Microsoft Corp. (MSFT) was hit with a class action lawsuit last week led by three residents of Illinois who claim a Windows 10 update destroyed their data and damaged their computers.

According to a report in ZDNet, citing the lawsuit, the claim centers on Microsoft’s offer that ended in July in which Windows 7 OS users could upgrade to Windows 10 for free. The Windows 10 upgrade program, which went on for a year, has resulted in a slew of complaints from competitors and another lawsuit in which a small businesswomen in California was awarded $10,000 by a judge this past summer.

Microsoft Facing Class Action

The class action lawsuit contends Microsoft cost users their time and money because they had to deal with Microsoft tech support, replace hardware and fix software that no longer worked after upgrading to Windows 10. The class action suit has more than 100 plaintiffs and is seeking $5 million or more in damages. That figure, noted the report, excludes costs and interest. Stephane Watson, a lead complainant in the lawsuit, told ZDNet that she didn’t choose to upgrade to Windows 10 and when it happened all of her data was gone. She hired a company to fix the machine, but when they weren’t successful she was forced to buy a replacement computer. Two other plaintiffs, Robert Saiger and Howard Goldberg, accepted the Windows 10 upgrade offer and as a result both lost data, time and money fixing the systems or replacing them after the OS upgrade. The lawsuit alleges Microsoft was aware of the problems with the upgrade and that it could result in lost data and damage to hardware. (See more: Microsoft Confirms Update Is Coming To Windows 10.)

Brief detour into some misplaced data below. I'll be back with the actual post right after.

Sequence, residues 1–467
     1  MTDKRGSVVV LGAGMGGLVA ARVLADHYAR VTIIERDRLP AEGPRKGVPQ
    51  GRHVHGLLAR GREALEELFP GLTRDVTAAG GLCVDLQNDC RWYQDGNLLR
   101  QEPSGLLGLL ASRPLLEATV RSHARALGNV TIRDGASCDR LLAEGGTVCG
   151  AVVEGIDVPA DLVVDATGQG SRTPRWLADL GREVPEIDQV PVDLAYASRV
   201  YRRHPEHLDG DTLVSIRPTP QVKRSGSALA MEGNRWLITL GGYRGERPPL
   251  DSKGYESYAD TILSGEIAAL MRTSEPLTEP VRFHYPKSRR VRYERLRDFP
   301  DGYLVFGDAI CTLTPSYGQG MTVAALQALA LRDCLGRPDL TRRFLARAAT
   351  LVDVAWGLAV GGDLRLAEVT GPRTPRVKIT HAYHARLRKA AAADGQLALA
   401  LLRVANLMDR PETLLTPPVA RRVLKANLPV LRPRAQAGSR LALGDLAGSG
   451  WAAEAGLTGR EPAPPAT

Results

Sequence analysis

This isn’t the first time Microsoft has gotten hit with a lawsuit over its Windows 10 upgrade program. Ever since the software giant started forcing Windows 7 and Windows 8.1 users to automatically upgrade to Windows 10, complaints have been swirling. Early on in its Windows 10 upgrade efforts, Microsoft wasn’t aggressively forcing customers to switch, but according to media reports, it eventually forced users to upgrade by making it automatic. Users complained they would get Windows 10 upgrade notifications that didn’t give them the option to dismiss the prompt.

Giving Users More Control

In the case of the California woman ,who in June was awarded the $10,000, her small-business computer was damaged after an unauthorized Windows 10 upgrade.  Her problems happened during the early days of the upgrade program, not when Microsoft released automatic updates later on in its efforts to get people to switch.  Microsoft didn’t appeal the California case and hasn’t commented on the class action lawsuit. It did say earlier this month that while it designed Windows 10 to automatically keep devices up to date with its upcoming Windows 10 Creators Update, it is giving more control to the users.

“Downloads will have less impact on device performance while they are in progress. You should experience fewer reboots, which will reduce the likelihood that an update will be installed at an inopportune time,” said Michael Fortin, CVP of Windows and Devices Group Core Quality, and John Cable, Director of Program Management, Windows Servicing and Delivery at Microsoft, said in a recent blog. “You will have considerably more flexibility when specifying the best time to install updates on your devices.”

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